We gave Jane a tour of the house.
She asked good questions and took lots of notes. All seemed well.
But the dismal condition of the middle floor stopped her dead in her tracks.
“How much did those guys tell you it would cost to knock this place into shape?”
She burst out laughing. “Seriously?”
“That’s what they said.”
She took more notes, lapsing into a diplomatic silence. “Let’s see the bottom level.”
Down we went. She made gagging sounds when we showed her the recently gutted bathroom, but praised the workmanship of the projects Daniel had overseen so far.
Then we strolled into the side yard where she eyed the raw, cinderblock façade of the house’s west side.
“Does this come under the heading of ‘no unfinished business’?” she asked, cocking an eyebrow.
“That’s what we were told.”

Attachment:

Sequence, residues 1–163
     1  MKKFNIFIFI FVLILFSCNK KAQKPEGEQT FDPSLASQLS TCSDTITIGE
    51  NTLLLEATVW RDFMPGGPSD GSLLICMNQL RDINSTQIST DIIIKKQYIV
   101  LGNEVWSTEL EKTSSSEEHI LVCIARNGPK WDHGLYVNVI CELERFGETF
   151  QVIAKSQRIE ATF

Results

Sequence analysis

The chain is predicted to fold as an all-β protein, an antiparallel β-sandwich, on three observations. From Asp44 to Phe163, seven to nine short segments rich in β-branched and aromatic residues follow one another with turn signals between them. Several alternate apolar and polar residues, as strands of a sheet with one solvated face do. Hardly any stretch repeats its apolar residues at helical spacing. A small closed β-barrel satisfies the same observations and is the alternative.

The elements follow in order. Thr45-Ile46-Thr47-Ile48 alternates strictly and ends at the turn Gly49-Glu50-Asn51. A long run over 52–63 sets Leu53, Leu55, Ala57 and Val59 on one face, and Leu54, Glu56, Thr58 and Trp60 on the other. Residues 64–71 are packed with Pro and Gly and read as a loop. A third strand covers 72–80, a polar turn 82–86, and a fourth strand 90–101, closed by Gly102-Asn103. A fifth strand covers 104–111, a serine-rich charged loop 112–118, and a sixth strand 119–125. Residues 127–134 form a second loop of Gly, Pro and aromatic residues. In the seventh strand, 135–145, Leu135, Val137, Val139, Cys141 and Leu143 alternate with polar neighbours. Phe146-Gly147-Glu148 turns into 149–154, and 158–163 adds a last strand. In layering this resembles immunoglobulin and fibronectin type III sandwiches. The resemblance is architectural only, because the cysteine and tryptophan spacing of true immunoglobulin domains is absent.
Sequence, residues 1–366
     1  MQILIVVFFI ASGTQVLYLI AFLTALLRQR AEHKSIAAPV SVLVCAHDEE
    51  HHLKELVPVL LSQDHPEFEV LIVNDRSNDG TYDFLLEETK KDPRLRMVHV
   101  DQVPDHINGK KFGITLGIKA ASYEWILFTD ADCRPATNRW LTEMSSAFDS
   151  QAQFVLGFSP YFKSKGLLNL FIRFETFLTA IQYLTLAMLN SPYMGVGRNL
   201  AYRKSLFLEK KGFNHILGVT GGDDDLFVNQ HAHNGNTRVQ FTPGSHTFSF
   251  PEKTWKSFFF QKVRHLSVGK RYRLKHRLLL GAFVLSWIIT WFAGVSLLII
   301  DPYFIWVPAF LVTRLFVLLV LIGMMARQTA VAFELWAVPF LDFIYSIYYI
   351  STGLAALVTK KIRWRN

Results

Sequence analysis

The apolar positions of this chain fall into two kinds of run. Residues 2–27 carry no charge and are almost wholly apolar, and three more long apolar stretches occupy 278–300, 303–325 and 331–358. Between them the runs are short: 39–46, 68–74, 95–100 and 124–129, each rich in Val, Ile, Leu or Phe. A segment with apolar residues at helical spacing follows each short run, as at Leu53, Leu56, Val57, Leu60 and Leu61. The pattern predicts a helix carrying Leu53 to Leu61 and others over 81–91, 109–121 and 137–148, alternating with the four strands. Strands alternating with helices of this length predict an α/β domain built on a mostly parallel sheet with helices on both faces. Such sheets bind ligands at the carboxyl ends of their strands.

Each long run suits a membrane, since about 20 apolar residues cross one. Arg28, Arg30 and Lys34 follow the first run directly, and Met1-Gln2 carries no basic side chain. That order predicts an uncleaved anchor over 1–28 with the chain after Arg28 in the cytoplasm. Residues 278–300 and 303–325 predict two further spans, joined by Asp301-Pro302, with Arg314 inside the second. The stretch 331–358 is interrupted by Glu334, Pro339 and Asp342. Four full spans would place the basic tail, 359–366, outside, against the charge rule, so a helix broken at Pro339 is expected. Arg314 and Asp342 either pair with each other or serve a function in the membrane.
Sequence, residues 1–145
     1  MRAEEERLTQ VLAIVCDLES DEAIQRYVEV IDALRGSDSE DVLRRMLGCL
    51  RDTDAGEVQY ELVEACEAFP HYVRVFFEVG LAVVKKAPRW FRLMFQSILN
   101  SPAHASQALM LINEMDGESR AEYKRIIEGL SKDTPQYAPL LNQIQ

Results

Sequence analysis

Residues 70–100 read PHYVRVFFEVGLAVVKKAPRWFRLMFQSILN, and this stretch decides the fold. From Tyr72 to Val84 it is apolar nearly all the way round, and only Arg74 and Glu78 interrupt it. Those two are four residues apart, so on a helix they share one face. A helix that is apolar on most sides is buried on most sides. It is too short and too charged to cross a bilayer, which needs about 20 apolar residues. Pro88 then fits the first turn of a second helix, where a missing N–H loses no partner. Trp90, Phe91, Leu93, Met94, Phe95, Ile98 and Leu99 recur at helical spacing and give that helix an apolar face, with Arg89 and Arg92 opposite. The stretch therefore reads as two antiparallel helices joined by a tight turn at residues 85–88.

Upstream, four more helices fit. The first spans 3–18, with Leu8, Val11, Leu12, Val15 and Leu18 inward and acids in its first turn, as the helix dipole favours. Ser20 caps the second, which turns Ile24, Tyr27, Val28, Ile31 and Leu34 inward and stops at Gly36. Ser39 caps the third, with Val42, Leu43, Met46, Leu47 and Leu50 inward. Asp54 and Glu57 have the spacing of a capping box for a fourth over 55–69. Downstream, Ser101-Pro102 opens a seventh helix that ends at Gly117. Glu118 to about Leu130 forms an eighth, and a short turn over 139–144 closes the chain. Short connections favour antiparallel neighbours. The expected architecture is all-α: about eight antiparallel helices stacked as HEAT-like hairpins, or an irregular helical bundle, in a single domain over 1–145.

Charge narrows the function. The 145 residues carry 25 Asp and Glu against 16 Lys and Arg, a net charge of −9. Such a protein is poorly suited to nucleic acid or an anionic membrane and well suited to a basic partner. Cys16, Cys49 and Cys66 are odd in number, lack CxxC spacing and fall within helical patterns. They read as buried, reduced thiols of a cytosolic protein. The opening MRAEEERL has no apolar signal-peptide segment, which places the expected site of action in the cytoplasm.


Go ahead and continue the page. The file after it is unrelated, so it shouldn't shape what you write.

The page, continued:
Back upstairs twenty minutes later we sipped iced tea and hammered out an informal agreement.
“We’re going to have to take this step by step,” Michael said. “We don’t have a bottomless bank account like some of the folks buying houses down here”
She made a sympathetic face. “I hear you.”
“Our goal is to get the upstairs ready for the coming season,” I commented.
“Okay…” she said, glancing around the room dubiously. “For starters, you’re going to need to rip out that kitchen.”
“That’s our first priority.”
“And the bathroom needs lots of work.”
“And this place is begging for some curb appeal. Let’s tart it up a bit.”
“Bring it on!” I said, ready for anything now.
She sat back in her chair. “Great,” she said. “But you’re going to need a first-rate handyman to get all that stuff done.”
Michael spoke up again. “Makes sense. Do you have anyone in mind?”
She all but glowed. “As a matter of fact, I do.”
‘Fabulous. When can he start?”
She cocked her head. “Hey wait a minute, what about me?”
I was puzzled. “What about you?”
“Am I hired?”
I glanced at Michael, who nodded almost imperceptibly. It was my turn to smile for the first time that day.
“You are so hired.”